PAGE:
I’m very big on relationships.
Not just the relationships in my personal life (although those are very important to me), but relationships in the business world.
You see, I’ve seen how good relationships can directly improve a company’s bottom line. How conversion from lead to customer — especially in the B2B space — is often based on the relationship a company has built with a prospect.
That’s why I’m on a mission to help my clients build relationships with their leads and customers through high quality content.
To be clear, I’m not just talking about hard-hitting marketing and sales material (although your marketing department may certainly be leading this effort).
I’m talking about content that serves your audience, content that helps them solve a problem without necessarily asking for a sale.
I’ve been working with the companies in the B2B tech and software space for nearly 20 years now, and I can tell you that good, helpful content goes a very long way in building a relationship with your prospect.
But it doesn’t happen overnight. And it doesn’t have to be all business, either. Content should be helpful, yes, but it can also be a little bit more than that.
Content can also show your audience the human side of your business — and spur real, person-to-person conversation, too.
Relationships Are Everything
Ever wonder why so many B2C brands spend all that money to build “brand loyalty?” Because loyalty implies a relationship. They want to establish a relationship with their consumers.
Or how about any service provider you do business with on a subscription basis? If you’ve ever tried to cancel a subscription or switch service providers, I bet you’ve been transferred to a Customer Retention Representative before they let you pull the plug.
And what does that Customer Retention Specialist do? They try to make you feel special. They tell you how much they appreciate your business, offer a bonus if you’ll just stick around, beg you to reconsider.
They try to make you think you have a relationship with them.
Honestly, sometimes it gets so awkward, it feels like you’re actually breaking up with someone!
But the mistake so many of these businesses make is that they don’t try to build a relationship with you from the beginning.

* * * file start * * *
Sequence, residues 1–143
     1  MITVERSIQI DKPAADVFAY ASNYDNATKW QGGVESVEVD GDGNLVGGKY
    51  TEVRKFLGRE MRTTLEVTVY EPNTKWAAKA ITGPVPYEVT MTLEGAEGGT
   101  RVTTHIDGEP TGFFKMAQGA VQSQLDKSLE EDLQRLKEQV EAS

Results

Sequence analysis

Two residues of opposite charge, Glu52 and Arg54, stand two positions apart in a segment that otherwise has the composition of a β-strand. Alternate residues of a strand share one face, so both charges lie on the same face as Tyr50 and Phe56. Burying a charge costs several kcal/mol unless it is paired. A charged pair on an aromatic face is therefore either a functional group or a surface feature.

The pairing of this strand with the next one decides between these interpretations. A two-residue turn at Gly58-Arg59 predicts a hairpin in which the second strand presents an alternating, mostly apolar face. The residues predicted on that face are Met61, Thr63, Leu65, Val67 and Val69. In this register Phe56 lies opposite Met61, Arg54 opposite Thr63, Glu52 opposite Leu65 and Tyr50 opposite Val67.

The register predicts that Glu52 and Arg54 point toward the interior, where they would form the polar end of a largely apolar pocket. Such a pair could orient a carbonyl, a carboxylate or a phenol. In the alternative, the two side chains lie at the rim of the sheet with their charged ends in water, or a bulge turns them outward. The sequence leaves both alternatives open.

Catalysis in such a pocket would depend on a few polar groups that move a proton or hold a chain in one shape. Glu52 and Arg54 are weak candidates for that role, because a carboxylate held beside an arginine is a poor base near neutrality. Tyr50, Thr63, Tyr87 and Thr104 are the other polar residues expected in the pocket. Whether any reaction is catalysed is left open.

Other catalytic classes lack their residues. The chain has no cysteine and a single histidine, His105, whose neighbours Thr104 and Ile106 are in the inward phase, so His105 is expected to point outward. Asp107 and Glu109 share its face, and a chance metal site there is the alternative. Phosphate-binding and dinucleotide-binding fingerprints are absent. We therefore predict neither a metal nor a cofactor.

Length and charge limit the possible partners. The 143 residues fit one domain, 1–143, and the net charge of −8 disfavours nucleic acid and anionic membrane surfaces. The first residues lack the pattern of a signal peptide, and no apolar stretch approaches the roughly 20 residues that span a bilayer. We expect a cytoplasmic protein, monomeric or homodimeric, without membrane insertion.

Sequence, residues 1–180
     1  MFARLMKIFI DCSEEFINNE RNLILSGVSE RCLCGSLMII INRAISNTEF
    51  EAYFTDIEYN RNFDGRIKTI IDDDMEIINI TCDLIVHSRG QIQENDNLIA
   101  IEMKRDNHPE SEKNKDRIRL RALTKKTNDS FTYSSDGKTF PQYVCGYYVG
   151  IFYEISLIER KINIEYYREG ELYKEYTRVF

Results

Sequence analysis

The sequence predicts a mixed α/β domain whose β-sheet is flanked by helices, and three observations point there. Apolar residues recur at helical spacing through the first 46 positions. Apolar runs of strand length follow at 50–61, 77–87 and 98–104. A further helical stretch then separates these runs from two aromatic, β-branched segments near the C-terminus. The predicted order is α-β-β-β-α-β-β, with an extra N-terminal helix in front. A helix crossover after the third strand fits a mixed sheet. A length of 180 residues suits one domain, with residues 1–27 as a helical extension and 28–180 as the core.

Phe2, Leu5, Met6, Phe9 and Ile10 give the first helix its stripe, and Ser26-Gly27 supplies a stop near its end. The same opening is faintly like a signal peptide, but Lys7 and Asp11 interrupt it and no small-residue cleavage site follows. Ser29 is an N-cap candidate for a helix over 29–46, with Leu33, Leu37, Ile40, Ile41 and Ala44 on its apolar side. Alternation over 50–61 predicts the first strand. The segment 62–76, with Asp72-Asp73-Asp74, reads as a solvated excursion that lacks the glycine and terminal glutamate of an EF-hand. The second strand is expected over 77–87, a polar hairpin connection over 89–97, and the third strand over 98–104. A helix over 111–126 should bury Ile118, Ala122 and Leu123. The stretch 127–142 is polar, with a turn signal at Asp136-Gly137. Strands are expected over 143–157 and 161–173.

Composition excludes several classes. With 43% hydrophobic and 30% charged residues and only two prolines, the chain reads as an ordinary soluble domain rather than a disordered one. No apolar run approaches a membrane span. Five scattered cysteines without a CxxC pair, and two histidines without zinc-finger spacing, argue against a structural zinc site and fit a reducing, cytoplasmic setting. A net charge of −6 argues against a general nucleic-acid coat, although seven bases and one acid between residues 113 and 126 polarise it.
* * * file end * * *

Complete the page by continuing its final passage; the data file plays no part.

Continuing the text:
In today’s world, we’re spoiled for choice. Companies are vying for our business and the barrier to switching to a competitor is often pretty low.
The same is true for your prospects and customers too.
You need to give them a reason to choose you, and to keep choosing you.
This is why so many companies have created Customer Success teams: By providing personalized support to their new customers, they’re establishing a relationship. They know that preventing customer churn is just as important as brining new customers in (if not more important).
In the B2B space, the stakes can be even higher. The sales cycle is longer, so you have to invest a lot of effort to nurture your leads and stay top-of-mind as they consider their options (and your solution).
But remember those Customer Retention Specialists who try to make you feel like a rock star only after you’ve already bought from the company. This relationship-building effort can’t come out of left field. Building that relationship before they become your customer, before they’ve committed to your solution, is a critical part of success in B2B today — especially for large and enterprise companies.
How do you do this?
How do you get and keep their attention, and make them feel like you’re The One?
With high quality, targeted content.
Getting Personal to Stand Out
Competition is pretty fierce in almost every industry. And savvy businesses are already well into the content marketing game.
They know that valuable content builds authority and trust.
Audience expectations have risen too. According to the Havas Group’s 2017 Meaningful Brands report, 84% of people expect brands to provide content that entertains, tells stories, provides solutions, and creates experiences — but 60% of content is failing to deliver.
Something’s not right.